The fiscal cliff deal

January 1st, 2013 at 2:00 pm by David Farrar

It looks like there will be an agreement to avoid the so called fiscal cliff. That is good in the short term for Americans, but the deal looks like it will do little to reduce the deficit – which is why such an unpalatable fiscal cliff was designed – to force the President and Congress to make their own steps to reduce the deficit.

AP reports:

The contours of a deal to avert the ‘fiscal cliff’ are emerging early today (NZ time), with Democrats and Republicans agreeing to raise tax rates on family income over US$450,000 a year, increase the estate tax rate and extend unemployment benefits for one year, officials familiar with the negotiations said.

That side of the deal seems like a reasonable compromise on both sides. In reality come 1 January all the Bush tax cuts had expired anyway, so for the Republicans they are no longer voting for any tax increases – they are just voting for what tax cuts to reinstate. There is a significant difference. They can not get the numbers to reinstate all the tax cuts – so the tax side of the compromise seems okay.

But with a midnight deadline rapidly approaching, both sides were at an impasse over whether to put off automatic, across-the-board spending cuts set to take effect on January 1, and if so, how to pay for that. Democrats want to put off the cuts for one year and offset the so-called sequester with unspecified revenue.

The Republicans are proposing just a three month deferral of the spending cuts. I think a year delay means they will never get agreement on a sustainable plan to reduce spending, so the US Government can live within its means. They need the pressure of a looming deadline.

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15 Responses to “The fiscal cliff deal”

  1. Fletch (6,021 comments) says:

    WTF do Obama and the Dems have against cutting spending? They seem to want to refuse to cut spending at all.
    Raising taxes on the rich isn’t going to help hardly at all.

    Labour seemed to be the same here in NZ. They talked about spending on this and spending on that without any idea of where it was going to come from. What is it with socialists that they think they can keep spending?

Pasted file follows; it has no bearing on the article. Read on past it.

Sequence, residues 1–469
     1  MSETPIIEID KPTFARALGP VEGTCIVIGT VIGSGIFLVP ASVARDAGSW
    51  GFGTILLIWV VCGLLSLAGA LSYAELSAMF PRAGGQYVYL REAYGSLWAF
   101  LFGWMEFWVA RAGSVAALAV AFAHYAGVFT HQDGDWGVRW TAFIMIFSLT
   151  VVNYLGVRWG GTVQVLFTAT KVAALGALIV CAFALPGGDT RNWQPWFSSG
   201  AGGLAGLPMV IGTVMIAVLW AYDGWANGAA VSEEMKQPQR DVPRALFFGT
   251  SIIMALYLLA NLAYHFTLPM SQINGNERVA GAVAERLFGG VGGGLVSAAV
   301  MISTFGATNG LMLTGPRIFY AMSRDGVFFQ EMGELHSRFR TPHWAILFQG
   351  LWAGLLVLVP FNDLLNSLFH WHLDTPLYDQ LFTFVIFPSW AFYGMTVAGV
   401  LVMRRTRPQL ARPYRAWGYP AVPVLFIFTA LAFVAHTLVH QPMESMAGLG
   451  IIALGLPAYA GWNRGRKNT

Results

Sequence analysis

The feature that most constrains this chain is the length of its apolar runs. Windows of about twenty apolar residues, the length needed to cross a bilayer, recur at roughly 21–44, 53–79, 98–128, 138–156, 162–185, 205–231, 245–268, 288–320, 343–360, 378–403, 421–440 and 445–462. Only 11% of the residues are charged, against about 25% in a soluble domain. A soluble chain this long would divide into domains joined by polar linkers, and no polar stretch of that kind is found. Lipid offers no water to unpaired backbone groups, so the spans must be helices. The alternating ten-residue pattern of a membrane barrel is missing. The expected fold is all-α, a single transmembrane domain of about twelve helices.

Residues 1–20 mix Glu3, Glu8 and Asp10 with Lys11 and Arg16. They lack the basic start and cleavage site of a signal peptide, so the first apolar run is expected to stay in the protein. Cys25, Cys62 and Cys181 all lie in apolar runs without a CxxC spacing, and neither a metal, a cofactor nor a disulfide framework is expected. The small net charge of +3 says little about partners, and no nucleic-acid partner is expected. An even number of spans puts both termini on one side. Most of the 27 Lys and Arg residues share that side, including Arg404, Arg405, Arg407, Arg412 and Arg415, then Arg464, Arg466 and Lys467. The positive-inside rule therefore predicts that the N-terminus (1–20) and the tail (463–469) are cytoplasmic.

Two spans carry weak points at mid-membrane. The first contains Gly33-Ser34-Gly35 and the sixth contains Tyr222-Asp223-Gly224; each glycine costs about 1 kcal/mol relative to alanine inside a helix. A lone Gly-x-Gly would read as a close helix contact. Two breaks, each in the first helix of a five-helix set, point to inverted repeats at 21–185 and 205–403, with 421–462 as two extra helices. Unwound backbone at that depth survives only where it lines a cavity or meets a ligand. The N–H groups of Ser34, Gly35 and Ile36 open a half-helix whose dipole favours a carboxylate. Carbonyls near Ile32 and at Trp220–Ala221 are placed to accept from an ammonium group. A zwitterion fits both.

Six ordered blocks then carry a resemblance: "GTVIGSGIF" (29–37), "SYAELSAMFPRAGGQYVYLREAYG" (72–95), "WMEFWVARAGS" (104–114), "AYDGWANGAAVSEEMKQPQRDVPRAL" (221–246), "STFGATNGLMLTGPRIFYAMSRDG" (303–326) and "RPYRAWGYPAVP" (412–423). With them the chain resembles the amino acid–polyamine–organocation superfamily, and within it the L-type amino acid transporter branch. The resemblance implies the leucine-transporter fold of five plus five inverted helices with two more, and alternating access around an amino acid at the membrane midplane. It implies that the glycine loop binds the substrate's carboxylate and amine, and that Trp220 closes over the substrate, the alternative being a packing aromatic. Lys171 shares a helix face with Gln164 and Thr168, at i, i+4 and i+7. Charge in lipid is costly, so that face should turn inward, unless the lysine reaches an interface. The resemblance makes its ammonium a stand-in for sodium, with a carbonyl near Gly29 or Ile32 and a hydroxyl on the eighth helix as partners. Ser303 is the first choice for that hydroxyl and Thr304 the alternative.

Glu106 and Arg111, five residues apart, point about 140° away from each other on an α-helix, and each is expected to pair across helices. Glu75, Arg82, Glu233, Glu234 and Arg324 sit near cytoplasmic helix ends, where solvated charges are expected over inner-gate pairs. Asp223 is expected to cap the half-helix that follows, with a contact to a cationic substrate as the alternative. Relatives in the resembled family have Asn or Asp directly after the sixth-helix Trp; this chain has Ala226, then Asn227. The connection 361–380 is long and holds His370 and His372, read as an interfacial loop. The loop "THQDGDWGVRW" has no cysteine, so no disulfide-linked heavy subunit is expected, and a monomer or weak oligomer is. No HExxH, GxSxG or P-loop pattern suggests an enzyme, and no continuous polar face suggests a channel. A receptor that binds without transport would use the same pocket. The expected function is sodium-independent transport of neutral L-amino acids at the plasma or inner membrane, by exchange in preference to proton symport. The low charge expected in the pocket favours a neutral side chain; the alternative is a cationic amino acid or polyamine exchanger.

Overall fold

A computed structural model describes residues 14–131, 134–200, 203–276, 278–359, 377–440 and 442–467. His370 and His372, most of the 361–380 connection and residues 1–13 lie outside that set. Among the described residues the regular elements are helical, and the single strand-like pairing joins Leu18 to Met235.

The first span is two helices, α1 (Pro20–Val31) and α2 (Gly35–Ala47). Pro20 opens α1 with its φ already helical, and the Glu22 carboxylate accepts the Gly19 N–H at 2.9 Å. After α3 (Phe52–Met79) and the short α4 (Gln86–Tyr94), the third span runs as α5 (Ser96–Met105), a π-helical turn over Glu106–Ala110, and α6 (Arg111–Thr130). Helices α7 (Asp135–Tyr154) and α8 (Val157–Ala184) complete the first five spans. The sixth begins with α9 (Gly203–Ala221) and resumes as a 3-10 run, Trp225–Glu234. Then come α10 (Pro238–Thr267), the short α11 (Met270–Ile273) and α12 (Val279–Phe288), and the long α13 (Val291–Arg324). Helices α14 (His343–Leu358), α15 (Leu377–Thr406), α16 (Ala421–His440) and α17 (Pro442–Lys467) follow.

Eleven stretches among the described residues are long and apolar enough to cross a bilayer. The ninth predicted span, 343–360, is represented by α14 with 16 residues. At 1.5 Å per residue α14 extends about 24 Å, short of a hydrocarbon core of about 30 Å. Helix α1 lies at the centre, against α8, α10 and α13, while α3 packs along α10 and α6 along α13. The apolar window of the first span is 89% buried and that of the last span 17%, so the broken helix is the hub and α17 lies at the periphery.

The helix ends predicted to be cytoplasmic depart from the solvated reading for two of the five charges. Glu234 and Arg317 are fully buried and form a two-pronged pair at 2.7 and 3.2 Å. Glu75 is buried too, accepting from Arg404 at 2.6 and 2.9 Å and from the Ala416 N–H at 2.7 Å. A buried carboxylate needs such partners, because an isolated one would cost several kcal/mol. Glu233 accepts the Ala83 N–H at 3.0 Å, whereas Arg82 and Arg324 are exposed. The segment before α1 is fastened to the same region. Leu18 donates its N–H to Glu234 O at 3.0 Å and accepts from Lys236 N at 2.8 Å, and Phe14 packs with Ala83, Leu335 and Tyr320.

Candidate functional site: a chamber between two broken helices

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  2. Fletch (6,021 comments) says:

    While the Washington Post reports this afternoon that Congress is considering pushing off all cuts under a new deal to avert the fiscal cliff, top Republicans say that is absolutely false. The sequester cuts will either go through now, as written, or they will be replaced for no more than two to three months to be more specifically calibrated to avoid the blunderbuss across-the-board cuts largely affecting defense.

    During that delay time, cuts equivalent to the cuts that would have happened under the sequester will take place. In short, the same amount will be cut under either deal; the only question is whether the blunderbuss approach happens immediately, or whether short-term cuts are made over the next two months to allow for a more scalpel-like approach.

    Top Republicans say they have no interest in changing the size of the sequester. Republicans are insisting on cuts and/or deficit reduction of equal size during the period in which the sequester cuts are delayed. 

    The proposal currently on the table is reportedly cuts and deficit reduction through elimination of tax giveaways for two months–a grand total of $24 billion in total spending cuts–before a fully-calibrated sequester proposal kicks in.

    Democrats are reportedly holding up that process. They want all spending cuts delayed. In fact, they are currently rejecting cuts they had already agreed to in principle in order to force Republicans to abandon the sequester. That will not happen, Republicans say.